Imagine riding up the trails on Mill Mountain … and not even breathing hard. That would turn out to be the e-bike experience.
“Quick and easy. You have a power button,” Dan Lucas explained in the parking lot of Cardinal Bicycle’s Grandin Village location.
He’s giving me the e-bike basics, and though it seems obvious, the first thing is to switch it on.
“You’ve got three modes,” Lucas said. “Those modes will determine how much power you’re going to have at your disposal.”
On this bike, the modes are labeled in order from least boost to most, Eco, Trail, and Turbo. Each can be selected with a press of the button on the handlebar.
Turn on the power, choose your mode, and begin what can be effortless pedaling, compared to a normal bike. No wonder they are popular.
“E-bikes are still the fastest growing segment in the bicycle market globally,” said Whit Ellerman, owner of Cardinal Bicycle. “It’ll give a rider the ability to ride either longer or to ride terrain that they couldn’t ride before. You can ride maybe keep up with people that you hadn’t been able to keep up with.”
Riding with Lucas, Cardinal Bicycle’s Rider Experience Manager, and skills instructor, we would test e-mountain bikes in town, on the Roanoke River Greenway, and most importantly on the technical trails on Roanoke’s Mill Mountain, where the serious amount of climbing is always a part of the picture - and a situation where an electric assist would be appreciated.
The bikes are Turbo Levo Comp Carbon models - toward the top of the line from Specialized Bicycles.
In the bike lane near Grandin, it was immediately noticeable how much easier it was to pedal. I could immediately see the value of an e-bike for commuters who might not want to walk into the office drenched in sweat, or perhaps with enough energy to take on their day.
The same could be said on the greenway. Whereas casual cyclists will have more fun with less effort. It’s worth noting also, that this model has a sensor or a “brain” according to Lucas, which shuts off the power assist when the rider reaches 20 miles per hour. Meaning the bike virtually demands riders behave themselves on a greenway where there are other cyclists, runners, dog walkers, and others.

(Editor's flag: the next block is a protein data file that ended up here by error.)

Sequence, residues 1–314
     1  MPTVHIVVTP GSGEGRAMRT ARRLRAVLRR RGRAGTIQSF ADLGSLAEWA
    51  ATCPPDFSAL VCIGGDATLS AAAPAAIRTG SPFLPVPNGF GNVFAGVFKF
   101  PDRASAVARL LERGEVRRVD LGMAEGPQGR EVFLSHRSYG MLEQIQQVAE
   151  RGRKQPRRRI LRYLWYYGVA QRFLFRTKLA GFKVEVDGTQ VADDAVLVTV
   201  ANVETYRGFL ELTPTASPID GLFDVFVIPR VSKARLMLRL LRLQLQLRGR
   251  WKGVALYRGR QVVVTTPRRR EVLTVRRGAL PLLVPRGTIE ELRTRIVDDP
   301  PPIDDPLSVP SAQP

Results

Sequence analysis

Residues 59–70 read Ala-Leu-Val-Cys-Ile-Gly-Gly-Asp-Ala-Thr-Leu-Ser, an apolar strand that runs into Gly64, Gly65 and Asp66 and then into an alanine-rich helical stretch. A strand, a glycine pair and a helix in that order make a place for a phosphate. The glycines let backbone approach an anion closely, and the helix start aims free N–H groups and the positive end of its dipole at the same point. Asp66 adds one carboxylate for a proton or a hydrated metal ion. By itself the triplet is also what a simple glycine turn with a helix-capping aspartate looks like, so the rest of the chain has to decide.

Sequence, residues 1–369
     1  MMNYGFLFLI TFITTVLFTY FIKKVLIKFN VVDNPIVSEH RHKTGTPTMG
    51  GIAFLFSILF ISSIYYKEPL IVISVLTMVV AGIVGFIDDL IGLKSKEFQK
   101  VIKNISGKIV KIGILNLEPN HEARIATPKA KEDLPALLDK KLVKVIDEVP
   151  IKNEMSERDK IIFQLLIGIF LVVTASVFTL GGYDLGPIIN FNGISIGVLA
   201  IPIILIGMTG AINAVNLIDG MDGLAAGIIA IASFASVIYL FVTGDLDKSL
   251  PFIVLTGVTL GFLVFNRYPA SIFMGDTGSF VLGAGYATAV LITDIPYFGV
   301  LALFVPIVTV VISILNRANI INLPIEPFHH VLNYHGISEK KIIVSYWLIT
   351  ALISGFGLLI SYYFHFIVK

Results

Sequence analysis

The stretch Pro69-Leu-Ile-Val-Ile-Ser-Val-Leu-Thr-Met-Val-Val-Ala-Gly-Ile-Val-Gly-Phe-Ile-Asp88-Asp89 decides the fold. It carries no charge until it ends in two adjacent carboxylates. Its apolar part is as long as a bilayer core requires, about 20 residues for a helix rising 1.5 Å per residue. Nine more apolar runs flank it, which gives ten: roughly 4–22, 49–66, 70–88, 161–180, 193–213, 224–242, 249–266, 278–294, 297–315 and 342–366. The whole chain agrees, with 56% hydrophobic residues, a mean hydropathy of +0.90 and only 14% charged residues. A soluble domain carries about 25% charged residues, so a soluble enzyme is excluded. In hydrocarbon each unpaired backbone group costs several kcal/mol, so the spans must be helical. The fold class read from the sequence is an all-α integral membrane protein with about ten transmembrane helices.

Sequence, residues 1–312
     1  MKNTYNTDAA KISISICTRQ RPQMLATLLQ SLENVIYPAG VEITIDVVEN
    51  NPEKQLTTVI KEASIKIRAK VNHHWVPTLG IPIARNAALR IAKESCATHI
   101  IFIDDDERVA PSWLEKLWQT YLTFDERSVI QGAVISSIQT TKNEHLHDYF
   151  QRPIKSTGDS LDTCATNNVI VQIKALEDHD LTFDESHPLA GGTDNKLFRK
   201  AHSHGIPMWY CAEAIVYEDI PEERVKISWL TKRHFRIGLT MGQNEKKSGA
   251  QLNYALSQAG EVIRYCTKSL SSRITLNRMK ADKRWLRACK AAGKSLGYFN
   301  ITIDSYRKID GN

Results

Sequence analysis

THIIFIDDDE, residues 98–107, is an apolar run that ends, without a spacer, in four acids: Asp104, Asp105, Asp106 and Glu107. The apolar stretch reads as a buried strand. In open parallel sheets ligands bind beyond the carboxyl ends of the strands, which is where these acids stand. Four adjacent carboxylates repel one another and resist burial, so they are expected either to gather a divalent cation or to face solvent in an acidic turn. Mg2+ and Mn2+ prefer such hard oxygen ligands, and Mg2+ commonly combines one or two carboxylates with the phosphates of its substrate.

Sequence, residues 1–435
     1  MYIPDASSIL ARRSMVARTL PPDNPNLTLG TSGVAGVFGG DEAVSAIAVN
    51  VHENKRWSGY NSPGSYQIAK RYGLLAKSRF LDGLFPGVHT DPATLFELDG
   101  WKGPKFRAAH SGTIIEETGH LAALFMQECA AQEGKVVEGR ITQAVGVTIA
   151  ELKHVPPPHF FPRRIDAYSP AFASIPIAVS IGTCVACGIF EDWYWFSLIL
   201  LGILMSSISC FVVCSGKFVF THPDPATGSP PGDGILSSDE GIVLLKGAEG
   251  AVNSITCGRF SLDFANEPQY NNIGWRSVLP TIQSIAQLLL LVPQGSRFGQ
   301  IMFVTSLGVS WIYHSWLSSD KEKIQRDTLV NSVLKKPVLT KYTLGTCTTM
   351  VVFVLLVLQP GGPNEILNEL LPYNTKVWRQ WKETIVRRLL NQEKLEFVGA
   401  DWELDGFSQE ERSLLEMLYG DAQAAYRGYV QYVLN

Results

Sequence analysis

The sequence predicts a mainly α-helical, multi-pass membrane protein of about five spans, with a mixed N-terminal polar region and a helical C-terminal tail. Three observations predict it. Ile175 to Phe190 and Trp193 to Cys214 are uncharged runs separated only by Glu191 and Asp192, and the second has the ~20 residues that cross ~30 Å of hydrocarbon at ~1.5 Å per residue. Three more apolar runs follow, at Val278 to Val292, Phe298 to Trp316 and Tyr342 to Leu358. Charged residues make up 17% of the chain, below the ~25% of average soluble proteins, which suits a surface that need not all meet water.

“After City Council opened up the greenways and trails to e-bike riding in summer of 2020. We’ve seen bike sales really take off,” Ellerman said.
While our bikes are e-mountain bikes, with rugged knobby tires, a wide range of gearing, and front and rear suspension, there are other options.
“There’s all sorts of e-bikes. All shapes and sizes. There’s hybrid e-bikes there’s road e-bikes even for super long-distance road rides,” Lucas explained.
Ellerman says his shop is seeing the most interest in e-mountain bikes. And as we approached Mill Mountain by climbing a steep alley, I began to understand why pedaling up a grade approaching 10 percent without the massive effort I’d remembered from the time I did it on my conventional mountain bike.
How much does the motor help?
“The easiest way to describe it is it’s about four times what you can do. So when you’re pedaling. you can get up to four times the amount of effort that you’re putting out, Lucas said.
Now for the fun part, riding up the Monument Trail on our way to the famous neon star atop Mill Mountain.
As we began climbing up the trail, the quiet whir of the motor was almost imperceptible as the bike’s advanced suspension handled the roots and rocks. Not heard – the sound of exercise-induced heavy breathing, because it wasn’t necessary.
At one point we came across a rider, climbing on a conventional mountain bike. His day was obviously much harder. He graciously pulled over to yield the trail and let us pass.
“You’re coming past a rider that is working hard and is earning their turns back down the mountain. And a part of me, when I usually come up on a ride like that, I feel a little bit guilty” Lucas admitted. I have to say that I did too.
Unlike a regular bike, there is a range with an e-bike before re-charging – just like an electric car, but for most people, it won’t be an issue.
“Today we’re going to do probably 15-ish miles and we could probably do that three or four times if we want,” Lucas said.
But that’s not to say you might now want to stay out there even longer. Considering you can earn your view from the top of Mill Mountain ...
... And only scarcely break a sweat.